I don't care who's left - if you're sitting and I'm sitting and there's a good song on, I'm going to come ask you to dance. :cool:
     
  11. jennyisdancing

    jennyisdancing Active Member

    Yes, I have started asking but I often get weird looks from the guys when I do. Either they're surprised a woman is asking, or the scene is so cliquish that they don't like being asked by someone outside their group.

    And Joe, I thought I explained pretty well that the reason for dancing with someone you don't know, is simply to be polite and sociable, and to be willing to circulate. You don't necessarily need to gauge an unknown partner by their looks, age or perceived skill. If they are smiling and friendly, I think that's enough to give them a chance. It's only five minutes out of your life. If it doesn't work out, so be it, you don't have to dance with the person again.
     
  12. delamusica

    delamusica Active Member

    Just keep at it, they'll stop being suprised. And once they figure out that you can actually dance, they'll stop being cliquish.

    IME, IMO, etc, of course.
     
  13. jennyisdancing

    jennyisdancing Active Member

    I hear you...I certainly will keep at it. But I should say that in many cases these potential partners do already know that I can dance. Many of them are people that I have met in classes and workshops. I dance with them there, and everything goes fine, so presumably these leaders know that my skills are good enough. Yet they avoid me at social dances.

    It's not just me. I have heard the same complaint from several of my friends, both male and female. My solution was to pull together these friends and we go out as a group together, so we always have each other to dance with. We do still try to mingle amongst other people as well, but most of the time it is hard due to the cliquishness.
     
  14. Chris Stratton

    Chris Stratton New Member

    While it can sometimes be absurdly frustrating to get a first dance with someone, it really seems that in general those who are there to dance do appreciate those they find they can dance well with, usually with complete disregard for the various subdivisions that we humans habitually draw amongst ourselves.. But when repeats of good dances don't happen, I'd suspect a number of likely causes:

    1) They are preoccupied - with friends, with other thoughts, with a current, former, or potential partner, etc.

    2) They aren't interested enough in dancing, either generally or at this given moment, to appreciate someone they can dance well with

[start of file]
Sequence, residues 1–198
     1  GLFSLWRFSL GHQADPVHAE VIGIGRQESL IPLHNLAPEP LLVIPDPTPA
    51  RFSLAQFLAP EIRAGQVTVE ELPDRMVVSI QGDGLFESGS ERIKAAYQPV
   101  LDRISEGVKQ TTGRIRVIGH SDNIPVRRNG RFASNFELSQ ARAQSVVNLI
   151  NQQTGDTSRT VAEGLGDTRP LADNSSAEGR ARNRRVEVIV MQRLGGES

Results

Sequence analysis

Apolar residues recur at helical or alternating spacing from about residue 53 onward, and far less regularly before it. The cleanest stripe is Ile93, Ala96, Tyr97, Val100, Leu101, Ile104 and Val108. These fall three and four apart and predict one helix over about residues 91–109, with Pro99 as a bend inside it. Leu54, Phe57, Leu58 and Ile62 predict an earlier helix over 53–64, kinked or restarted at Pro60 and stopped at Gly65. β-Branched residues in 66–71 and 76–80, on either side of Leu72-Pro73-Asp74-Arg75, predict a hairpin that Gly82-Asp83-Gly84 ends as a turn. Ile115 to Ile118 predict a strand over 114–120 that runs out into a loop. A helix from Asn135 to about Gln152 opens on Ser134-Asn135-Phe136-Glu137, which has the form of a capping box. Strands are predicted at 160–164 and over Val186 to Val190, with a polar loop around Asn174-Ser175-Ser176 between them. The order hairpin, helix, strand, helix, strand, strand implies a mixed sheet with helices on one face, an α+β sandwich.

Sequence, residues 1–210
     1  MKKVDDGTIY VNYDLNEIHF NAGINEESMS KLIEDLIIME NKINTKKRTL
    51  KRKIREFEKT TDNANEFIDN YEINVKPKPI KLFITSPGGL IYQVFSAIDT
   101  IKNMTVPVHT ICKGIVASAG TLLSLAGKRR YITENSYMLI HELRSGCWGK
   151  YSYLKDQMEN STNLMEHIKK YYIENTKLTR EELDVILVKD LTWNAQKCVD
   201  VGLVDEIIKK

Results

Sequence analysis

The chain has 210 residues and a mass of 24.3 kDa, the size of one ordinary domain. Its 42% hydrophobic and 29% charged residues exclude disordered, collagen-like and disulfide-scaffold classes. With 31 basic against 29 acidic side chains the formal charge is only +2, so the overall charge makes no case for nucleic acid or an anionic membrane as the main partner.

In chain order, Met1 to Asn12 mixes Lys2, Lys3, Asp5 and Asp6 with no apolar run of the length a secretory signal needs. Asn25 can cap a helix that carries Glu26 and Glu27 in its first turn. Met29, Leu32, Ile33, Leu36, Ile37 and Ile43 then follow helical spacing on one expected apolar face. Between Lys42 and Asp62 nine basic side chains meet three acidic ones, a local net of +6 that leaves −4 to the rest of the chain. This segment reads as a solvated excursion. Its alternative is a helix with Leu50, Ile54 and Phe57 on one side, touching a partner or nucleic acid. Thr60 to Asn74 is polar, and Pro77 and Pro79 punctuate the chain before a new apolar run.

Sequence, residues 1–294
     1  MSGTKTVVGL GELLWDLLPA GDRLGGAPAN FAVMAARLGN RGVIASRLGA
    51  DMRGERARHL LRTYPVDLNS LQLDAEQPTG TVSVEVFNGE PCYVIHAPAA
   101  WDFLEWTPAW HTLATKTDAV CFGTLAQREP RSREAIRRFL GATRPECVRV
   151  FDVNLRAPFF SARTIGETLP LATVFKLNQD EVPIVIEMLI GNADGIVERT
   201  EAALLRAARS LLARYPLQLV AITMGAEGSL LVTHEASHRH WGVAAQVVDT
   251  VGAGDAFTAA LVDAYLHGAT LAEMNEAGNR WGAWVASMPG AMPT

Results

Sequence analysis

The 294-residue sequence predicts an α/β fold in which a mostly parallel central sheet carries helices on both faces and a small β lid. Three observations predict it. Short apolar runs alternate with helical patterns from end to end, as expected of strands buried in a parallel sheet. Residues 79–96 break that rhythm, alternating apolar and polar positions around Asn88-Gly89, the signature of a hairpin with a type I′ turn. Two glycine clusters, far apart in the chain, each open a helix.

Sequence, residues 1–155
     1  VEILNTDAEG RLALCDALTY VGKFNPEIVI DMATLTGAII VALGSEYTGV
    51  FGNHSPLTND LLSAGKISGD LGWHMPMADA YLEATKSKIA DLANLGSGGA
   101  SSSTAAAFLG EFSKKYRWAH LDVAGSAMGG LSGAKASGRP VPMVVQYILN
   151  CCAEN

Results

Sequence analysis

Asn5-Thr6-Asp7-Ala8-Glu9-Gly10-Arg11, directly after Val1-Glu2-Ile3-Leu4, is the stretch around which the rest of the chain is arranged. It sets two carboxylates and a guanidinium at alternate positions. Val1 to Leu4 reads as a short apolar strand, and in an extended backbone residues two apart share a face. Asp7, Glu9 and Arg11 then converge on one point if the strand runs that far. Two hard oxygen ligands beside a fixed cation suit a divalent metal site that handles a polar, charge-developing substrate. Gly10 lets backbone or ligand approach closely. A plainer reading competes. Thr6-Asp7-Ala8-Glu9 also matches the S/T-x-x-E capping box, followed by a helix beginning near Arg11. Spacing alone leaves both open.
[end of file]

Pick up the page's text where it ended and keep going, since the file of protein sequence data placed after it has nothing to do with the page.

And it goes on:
3) They don't share your opinion of your experiences dancing together

    4) They just don't like you... it happens, sometimes even between people who can dance extremely well together.

    Sounds good.

    Another thing to consider is that dancing plays a different range of roles in different lives. If your dancing consists of going to occasional socials and classes, you may tend to approach it with a specific mindset. On the other hand, if dancing is a near daily part of life, then approach to dancing may reflect a wider range of life experiences - gregarious moments, joys of new interpersonal discovery, time to just relax and watch or catch up with friends, even fairly antisocial moods that should be broken only by trusted friends. We do not all have to be there for the same reason all of the time, it's enough that our reasons for being there have enough overlap that we can share the space.
     
  15. tanya_the_dancer

    tanya_the_dancer Well-Known Member

    As I became more competitive, I have cut back on social dancing. Even when I am there, I sit out a lot.
     
  16. I admire your attitude. Although I think that line may not be the best, because no body likes to be another's second choice, kinda like that kid that always gets picked last in gym.
     
  17. Rugby

    Rugby Member

    Ditto. Some of the men will not dance with me as they say I am too tall though most say they are too intimidated. I like asking others to dance so they can find that I am just interested in having a nice dance and not a top level performance or moves from them. What is wrong with just a friendly dance with someone.
     
  18. samina

    samina Well-Known Member

    really truly? i know my middle name, then... lol

    i especially like to ask men i've never met, and the one's lining the walls. kinda like picking a grab bag... ya never know what little gemmy moment might ensue... lol :)
     
  19. Indiana_Jay

    Indiana_Jay Active Member

    As if that's even possible! :)
    I remember when I was more of a beginner and reluctant to "inflict myself" upon more experienced followers. I figured if they asked me to dance, they did so at their own risk!
     
  20. samina

    samina Well-Known Member

    brilliant, just brilliant :)